Brookhaven takes bids for waste pickup — Waste Pro’s contract is up Oct. 1
Although the city wants to dump Waste Pro as its debris remover, the company is not ready to let go of the contract.
After a closed-door executive session to discuss contract negotiations concerning the trash company Tuesday night, Brookhaven aldermen voted unanimously to authorize Mayor Joe Cox and city attorney Joe Fernald to meet with Waste Pro at the company’s request.
Aldermen voted March 6 to cut the debris portion of the contract, choosing to do the job with its own trucks and employees. Waste Pro would continue to hold the contract for trash pickup until Oct. 1.
“Waste Pro has come back to us and are wanting a sit-down,” Cox said. “We don’t know what they want to ask.”
In the meantime, the city is running its own routes to pick up vegetative debris, he said.
Aldermen are also opening the doors to other waste management companies, accepting bids through May 1 for consideration.
Advertisements for bid proposals will be published Tuesday and April 17.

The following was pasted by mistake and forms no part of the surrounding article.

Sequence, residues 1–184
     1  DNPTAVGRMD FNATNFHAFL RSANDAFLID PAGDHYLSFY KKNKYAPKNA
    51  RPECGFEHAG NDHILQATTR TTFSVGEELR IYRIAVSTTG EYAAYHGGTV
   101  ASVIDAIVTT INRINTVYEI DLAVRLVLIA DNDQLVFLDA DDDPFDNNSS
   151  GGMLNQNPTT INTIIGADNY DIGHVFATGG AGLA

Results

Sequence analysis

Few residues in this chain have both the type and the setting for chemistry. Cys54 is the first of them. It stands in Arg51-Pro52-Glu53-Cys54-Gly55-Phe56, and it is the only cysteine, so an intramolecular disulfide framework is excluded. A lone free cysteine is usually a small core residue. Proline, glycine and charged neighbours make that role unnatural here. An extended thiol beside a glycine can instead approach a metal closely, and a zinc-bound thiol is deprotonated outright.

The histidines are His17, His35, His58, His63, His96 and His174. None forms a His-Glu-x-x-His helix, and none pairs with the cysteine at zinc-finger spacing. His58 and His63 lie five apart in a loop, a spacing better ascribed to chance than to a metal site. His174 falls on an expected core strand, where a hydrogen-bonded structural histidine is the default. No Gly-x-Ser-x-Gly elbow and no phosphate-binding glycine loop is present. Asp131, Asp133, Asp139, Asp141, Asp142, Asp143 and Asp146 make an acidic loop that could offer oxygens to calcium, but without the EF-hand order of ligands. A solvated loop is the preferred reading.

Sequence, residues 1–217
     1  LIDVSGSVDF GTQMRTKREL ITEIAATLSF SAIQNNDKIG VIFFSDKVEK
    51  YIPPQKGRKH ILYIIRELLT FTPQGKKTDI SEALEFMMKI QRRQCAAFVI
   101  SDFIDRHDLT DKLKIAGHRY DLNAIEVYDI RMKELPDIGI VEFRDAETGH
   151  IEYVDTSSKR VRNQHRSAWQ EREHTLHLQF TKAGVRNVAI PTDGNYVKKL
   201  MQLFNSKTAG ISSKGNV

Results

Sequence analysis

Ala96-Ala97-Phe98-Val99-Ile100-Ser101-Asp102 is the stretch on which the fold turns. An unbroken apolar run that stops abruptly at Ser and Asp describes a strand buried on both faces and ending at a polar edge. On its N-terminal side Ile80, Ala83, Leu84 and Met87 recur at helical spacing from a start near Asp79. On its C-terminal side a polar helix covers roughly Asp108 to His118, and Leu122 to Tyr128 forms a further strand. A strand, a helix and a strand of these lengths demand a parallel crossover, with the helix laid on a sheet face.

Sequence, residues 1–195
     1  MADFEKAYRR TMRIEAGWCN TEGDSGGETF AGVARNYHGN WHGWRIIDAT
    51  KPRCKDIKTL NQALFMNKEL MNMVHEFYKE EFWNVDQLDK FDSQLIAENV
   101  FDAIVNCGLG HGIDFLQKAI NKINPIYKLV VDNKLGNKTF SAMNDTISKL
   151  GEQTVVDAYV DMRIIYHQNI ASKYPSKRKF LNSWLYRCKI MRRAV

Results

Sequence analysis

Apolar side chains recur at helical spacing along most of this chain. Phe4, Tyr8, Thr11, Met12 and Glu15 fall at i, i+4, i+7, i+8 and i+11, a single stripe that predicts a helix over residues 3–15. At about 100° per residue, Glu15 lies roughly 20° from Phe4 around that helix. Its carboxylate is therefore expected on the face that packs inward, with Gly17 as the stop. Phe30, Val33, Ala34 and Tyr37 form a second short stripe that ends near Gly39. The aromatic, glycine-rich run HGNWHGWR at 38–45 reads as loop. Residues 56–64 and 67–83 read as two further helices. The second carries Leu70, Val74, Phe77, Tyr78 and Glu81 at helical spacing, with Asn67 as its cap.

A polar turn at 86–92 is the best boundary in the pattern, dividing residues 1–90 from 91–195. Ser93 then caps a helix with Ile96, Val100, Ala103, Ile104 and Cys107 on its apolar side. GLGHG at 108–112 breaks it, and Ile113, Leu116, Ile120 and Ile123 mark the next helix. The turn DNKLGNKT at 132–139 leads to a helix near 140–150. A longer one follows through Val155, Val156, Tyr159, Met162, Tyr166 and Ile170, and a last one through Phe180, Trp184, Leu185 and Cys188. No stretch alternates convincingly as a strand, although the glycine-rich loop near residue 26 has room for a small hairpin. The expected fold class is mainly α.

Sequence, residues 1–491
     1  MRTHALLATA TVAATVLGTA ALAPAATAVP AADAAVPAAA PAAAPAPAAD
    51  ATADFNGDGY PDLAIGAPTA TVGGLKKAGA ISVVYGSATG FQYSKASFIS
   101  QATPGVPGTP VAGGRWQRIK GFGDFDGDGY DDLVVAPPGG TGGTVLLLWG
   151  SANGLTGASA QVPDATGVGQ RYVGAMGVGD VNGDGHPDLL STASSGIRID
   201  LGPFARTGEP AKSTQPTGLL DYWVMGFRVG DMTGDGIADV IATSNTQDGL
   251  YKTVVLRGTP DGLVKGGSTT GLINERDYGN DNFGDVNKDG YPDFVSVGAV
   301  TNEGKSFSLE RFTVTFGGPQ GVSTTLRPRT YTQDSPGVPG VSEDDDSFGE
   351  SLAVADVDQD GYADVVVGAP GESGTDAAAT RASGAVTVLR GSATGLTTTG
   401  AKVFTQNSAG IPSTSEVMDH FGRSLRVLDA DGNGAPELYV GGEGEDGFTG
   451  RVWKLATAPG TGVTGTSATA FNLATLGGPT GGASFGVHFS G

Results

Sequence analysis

“If we change contractors, they would have to get their equipment in here,” he said.
No matter who takes out the trash, the city will still be picking up its own debris. They had been doing it themselves until making the switch to Waste Pro in February 2015.
It was a trial run that didn’t work out, Cox said.
Lincoln County supervisors appear likely to hire a new garbage collection service later this year after current provider Waste Pro’s contract expires in September.
Supervisors in February expressed their eagerness to find a company that can do a better job.
“Right now, what we got is not working. We have to get out and get it,” said District 1 Supervisor Jerry Wilson, who is also board president.
Supervisors generally contract with garbage pick-up providers on three-year contracts with an option to extend another three years. In September, Waste Pro will reach the end of an extended six-year contract and have the option to compete with other trash disposal companies for a new three-year deal.
In the Feb. 20 meeting, supervisors claimed numerous missed pick-ups all over the county and problems with trucks turning in private driveways.
A “trash problem hotline” in the Lincoln County tax assessor’s office logs calls. Tax Collector Blake Pickering said the line averages 150-200 calls on a normal week, but can reach more than 300 calls on weeks when numerous garbage routes experience problems.